How Corporate America Waded Into the Gun Control Debate
(Bloomberg) -- With little movement in Congress, gun control advocates are turning to the private sector to drum up support for their cause. A new report from the Brady Campaign to Prevent Gun Violence has found that corporate America is increasingly taking a stance on firearms policy.
In the wake of a mass shooting at a Parkland, Florida, high school in February, a social media movement sought boycotts of companies that offered discounts to members of the National Rifle Association. A slew of companies cut ties with the group. Institutional investors were also pressured to engage with the publicly traded firearms manufacturers they invest in, and retailers were encouraged to change their firearms sales policies.
“In addition to the concrete actions corporations are taking to reform their own policies or require more accountability from the gun industry, some businesses are taking extra steps and putting pressure on Congress to pass meaningful gun reforms,” the report found, citing action by Dick’s Sporting Goods Inc., Citigroup Inc., Bank of America Corp., Kroger Co. and L.L. Bean Inc. “Companies that provide services to gun makers and sellers—like bankers, accountants, and lawyers—as well as institutional shareholders, can help save lives in America by requiring that their gun clients adhere to commonsense policies.”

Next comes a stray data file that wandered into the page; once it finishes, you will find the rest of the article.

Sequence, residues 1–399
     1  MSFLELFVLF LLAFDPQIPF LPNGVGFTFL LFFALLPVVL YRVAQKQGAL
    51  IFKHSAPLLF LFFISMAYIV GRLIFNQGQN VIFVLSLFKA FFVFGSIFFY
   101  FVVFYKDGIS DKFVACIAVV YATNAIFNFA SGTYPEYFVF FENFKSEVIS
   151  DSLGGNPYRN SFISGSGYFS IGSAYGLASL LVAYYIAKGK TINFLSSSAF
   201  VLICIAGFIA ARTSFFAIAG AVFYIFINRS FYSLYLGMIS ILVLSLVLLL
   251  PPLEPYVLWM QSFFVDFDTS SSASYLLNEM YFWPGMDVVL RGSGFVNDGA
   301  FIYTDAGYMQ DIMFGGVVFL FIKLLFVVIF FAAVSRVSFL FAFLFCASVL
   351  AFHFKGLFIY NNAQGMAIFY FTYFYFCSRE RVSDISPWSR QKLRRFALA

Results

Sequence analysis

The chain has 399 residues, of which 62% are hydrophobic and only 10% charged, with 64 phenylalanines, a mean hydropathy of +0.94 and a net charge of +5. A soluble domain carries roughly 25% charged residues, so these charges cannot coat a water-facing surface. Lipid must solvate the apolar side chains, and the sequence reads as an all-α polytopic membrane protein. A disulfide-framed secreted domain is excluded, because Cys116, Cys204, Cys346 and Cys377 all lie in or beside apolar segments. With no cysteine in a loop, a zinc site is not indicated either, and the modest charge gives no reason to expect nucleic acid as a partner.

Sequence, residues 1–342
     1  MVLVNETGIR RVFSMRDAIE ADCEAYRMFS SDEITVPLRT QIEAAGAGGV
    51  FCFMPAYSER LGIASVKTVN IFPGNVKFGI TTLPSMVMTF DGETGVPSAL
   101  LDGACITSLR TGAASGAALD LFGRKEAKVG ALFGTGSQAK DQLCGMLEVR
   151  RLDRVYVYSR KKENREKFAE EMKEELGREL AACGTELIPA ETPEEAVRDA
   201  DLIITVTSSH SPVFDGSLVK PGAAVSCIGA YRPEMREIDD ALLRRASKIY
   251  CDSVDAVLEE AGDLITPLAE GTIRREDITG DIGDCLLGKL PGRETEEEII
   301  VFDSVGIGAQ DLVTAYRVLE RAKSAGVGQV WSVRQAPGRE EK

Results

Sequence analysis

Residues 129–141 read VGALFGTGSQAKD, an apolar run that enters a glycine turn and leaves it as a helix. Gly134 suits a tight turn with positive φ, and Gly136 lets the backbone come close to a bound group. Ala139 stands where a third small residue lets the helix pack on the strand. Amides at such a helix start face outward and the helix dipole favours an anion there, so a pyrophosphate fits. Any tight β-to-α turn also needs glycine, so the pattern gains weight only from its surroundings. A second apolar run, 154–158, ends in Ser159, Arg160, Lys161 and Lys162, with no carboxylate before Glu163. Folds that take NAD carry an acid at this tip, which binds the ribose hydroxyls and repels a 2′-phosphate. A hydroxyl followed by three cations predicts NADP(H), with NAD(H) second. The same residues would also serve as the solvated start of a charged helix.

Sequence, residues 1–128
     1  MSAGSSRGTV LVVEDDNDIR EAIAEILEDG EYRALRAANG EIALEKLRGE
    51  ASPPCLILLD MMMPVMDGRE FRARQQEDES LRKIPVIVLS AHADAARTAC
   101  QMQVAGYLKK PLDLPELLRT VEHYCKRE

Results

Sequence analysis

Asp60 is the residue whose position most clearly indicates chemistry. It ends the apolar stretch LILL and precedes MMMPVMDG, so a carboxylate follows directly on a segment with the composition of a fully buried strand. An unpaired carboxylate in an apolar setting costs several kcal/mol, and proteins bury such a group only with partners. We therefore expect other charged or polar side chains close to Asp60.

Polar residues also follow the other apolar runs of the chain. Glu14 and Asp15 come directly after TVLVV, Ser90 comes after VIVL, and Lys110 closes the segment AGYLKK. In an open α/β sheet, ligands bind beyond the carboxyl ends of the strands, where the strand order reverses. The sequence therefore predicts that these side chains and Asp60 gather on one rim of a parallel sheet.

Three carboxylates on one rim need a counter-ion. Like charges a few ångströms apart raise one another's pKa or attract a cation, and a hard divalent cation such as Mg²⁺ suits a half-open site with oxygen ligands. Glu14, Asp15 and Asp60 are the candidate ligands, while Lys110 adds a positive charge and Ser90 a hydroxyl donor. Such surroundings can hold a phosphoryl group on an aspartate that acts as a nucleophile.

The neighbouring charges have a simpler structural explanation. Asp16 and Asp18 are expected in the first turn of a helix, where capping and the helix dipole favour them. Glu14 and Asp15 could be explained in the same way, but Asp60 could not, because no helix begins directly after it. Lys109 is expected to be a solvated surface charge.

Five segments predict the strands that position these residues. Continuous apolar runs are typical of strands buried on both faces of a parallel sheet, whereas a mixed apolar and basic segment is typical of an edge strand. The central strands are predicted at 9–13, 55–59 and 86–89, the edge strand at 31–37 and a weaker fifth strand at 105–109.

The trend reminds some of how corporations showed support for marriage equality and condemned the tobacco industry, said Avery Gardiner, co-president of Brady. While she’s “heartened” by corporate America’s stance, Gardiner said congressional action is “absolutely the lynch pin.”
But in Washington, the firearms industry and its political allies are fighting back. After Dick’s Sporting Goods hired gun control lobbyists, the National Shooting Sports Foundation expelled the retailer from the industry group and hired lobbyist Will Hollier, whose work will focus on “discriminatory banking actions against [the] firearms industry,” according to a disclosure document.
Citigroup and Bank of America, which both made changes to their firearms-industry lending policies, faced blowback from conservatives in Washington. “It looks like we’re heading towards red banks and blue banks,” Republican Senator John Kennedy of Louisiana said during a Consumer Financial Protection Bureau in early April.
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